Paper Title

[3.3] MOSES AND DE LORD: The Biography of Harriet Tubman

Location

IB 1020

Start Date

January 2020

End Date

January 2020

Disciplines

American Studies | Constitutional Law | Feminist, Gender, and Sexuality Studies | History | History of Gender | Law and Race | United States History | Women's History | Women's Studies

Presentation Type

Presentation

Abstract

Although the legacy of Harriet Tubman is largely defined by the Underground Railway during the Reconstruction and Civil War eras, she was also an unsung militant hero of the Civil War. Her contributions aside from the Underground Railway have been overlooked by many, despite her having played a crucial role in shaping American history during the 19th century. This paper focuses on her childhood experiences as a slave, her direct and indirect contributions to the Union army during the Civil War, and her contributions to the American society post-war. Harriet Tubman served as a liaison between African Americans behind Union lines and to the Federal General Staff of the Union. Tubman influenced many other African Americans to assist the Union during the Civil War and to partake in espionage. Tubman herself was a scout, a spy, a nurse, and a cook in the Civil War. Post-Civil War she purchased land on which she provided a home for elderly African Americans who were previously slaves in the South. Not only did Tubman aid in the liberation of roughly three hundred Black slaves to the North through the Underground Railway, she later assisted them in the transition to economic sufficiency. Beyond the Civil War, Harriet Tubman served in the Women's Suffrage Movement. She was able to help advocate for the rights of the women's vote until her death in 1913. Harriet Tubman was a true testament to the resilience of African American women.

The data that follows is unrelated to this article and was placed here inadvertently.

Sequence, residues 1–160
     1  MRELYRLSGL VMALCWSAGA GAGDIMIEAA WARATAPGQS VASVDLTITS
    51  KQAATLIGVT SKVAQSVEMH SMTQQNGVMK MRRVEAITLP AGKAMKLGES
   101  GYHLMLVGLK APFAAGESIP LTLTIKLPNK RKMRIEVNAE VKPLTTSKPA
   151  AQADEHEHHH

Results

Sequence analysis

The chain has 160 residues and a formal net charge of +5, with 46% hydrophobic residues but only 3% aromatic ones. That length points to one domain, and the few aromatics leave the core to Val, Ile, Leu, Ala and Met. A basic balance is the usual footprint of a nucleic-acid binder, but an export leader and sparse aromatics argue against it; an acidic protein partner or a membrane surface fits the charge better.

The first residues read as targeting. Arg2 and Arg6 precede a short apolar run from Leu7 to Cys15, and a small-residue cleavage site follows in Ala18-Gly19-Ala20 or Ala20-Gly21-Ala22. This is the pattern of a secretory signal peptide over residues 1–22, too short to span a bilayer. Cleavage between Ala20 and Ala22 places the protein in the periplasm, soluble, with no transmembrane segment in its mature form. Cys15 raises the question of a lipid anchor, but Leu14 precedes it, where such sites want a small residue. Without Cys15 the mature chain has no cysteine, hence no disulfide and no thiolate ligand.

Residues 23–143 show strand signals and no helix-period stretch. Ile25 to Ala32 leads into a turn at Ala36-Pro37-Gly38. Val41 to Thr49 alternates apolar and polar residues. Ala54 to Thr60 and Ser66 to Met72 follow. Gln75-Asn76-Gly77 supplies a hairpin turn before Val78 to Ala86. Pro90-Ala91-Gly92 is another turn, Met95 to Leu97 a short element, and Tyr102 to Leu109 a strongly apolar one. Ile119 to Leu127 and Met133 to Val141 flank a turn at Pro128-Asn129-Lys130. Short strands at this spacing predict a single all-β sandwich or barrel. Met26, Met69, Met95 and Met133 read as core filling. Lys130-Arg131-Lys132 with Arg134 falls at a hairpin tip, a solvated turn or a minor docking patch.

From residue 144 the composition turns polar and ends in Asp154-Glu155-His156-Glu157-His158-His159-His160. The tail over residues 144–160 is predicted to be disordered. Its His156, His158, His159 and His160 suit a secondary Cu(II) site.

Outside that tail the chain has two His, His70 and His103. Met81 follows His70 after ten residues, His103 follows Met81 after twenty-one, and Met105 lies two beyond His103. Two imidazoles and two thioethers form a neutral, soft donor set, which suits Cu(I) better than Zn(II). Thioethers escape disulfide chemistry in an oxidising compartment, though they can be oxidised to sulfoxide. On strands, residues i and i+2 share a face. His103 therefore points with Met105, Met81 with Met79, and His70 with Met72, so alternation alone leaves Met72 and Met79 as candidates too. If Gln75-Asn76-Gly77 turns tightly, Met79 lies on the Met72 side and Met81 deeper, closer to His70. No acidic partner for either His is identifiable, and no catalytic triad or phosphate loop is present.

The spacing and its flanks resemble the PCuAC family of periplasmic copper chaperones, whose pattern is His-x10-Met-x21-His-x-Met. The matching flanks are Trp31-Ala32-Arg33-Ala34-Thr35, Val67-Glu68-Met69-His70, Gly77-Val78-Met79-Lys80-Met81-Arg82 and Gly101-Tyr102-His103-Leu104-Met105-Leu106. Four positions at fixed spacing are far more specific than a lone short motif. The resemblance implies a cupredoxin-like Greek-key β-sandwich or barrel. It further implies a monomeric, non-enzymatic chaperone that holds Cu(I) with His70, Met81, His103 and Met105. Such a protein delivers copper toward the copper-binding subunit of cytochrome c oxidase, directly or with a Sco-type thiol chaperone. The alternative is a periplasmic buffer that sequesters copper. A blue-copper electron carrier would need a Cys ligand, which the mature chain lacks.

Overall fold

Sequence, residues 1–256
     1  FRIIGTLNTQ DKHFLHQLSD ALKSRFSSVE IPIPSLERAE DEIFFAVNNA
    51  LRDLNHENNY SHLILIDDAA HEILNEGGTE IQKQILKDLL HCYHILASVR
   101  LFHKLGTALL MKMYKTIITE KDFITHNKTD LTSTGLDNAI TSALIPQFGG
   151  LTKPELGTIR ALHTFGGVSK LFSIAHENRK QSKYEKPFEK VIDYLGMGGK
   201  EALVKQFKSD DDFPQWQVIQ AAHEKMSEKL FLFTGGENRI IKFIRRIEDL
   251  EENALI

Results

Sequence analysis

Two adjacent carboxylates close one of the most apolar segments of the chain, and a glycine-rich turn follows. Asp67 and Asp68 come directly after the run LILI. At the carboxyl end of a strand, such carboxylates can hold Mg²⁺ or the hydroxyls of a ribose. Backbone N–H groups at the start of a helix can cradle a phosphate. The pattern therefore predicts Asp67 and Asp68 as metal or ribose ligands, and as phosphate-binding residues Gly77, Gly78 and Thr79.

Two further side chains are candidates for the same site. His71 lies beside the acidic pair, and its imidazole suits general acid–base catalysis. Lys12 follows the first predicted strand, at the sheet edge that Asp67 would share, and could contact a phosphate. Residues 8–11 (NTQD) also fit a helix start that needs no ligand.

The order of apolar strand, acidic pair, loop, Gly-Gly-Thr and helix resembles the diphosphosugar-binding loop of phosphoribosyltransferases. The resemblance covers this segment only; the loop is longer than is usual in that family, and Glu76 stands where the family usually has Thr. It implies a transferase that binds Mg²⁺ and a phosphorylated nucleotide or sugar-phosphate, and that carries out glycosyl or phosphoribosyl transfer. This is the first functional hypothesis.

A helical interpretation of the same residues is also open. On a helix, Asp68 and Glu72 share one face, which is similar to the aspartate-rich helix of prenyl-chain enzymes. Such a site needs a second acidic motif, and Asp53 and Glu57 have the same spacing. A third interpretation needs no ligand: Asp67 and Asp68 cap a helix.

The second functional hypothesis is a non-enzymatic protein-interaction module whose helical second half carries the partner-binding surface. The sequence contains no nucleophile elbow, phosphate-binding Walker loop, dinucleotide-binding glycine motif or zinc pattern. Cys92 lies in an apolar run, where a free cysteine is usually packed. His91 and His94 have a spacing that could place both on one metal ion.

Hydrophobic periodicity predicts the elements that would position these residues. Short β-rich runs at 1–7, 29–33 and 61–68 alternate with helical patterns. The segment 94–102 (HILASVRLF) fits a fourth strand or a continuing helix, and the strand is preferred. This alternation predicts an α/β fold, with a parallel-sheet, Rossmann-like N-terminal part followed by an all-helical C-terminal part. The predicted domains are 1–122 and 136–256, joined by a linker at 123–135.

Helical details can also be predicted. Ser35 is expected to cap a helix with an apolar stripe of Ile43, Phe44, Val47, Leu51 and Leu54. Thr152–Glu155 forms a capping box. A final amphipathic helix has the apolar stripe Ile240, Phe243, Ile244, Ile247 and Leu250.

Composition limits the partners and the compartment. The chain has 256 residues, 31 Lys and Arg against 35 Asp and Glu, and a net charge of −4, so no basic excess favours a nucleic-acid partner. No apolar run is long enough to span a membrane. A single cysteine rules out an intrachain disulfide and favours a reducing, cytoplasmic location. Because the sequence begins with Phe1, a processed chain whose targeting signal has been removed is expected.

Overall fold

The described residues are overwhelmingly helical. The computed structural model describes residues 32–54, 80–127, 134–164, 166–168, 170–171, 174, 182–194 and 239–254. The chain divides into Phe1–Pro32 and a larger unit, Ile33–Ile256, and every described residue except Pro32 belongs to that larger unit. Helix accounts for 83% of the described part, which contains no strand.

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Jan 18th, 1:00 PM Jan 18th, 2:15 PM

[3.3] MOSES AND DE LORD: The Biography of Harriet Tubman

IB 1020

Although the legacy of Harriet Tubman is largely defined by the Underground Railway during the Reconstruction and Civil War eras, she was also an unsung militant hero of the Civil War. Her contributions aside from the Underground Railway have been overlooked by many, despite her having played a crucial role in shaping American history during the 19th century. This paper focuses on her childhood experiences as a slave, her direct and indirect contributions to the Union army during the Civil War, and her contributions to the American society post-war. Harriet Tubman served as a liaison between African Americans behind Union lines and to the Federal General Staff of the Union. Tubman influenced many other African Americans to assist the Union during the Civil War and to partake in espionage. Tubman herself was a scout, a spy, a nurse, and a cook in the Civil War. Post-Civil War she purchased land on which she provided a home for elderly African Americans who were previously slaves in the South. Not only did Tubman aid in the liberation of roughly three hundred Black slaves to the North through the Underground Railway, she later assisted them in the transition to economic sufficiency. Beyond the Civil War, Harriet Tubman served in the Women's Suffrage Movement. She was able to help advocate for the rights of the women's vote until her death in 1913. Harriet Tubman was a true testament to the resilience of African American women.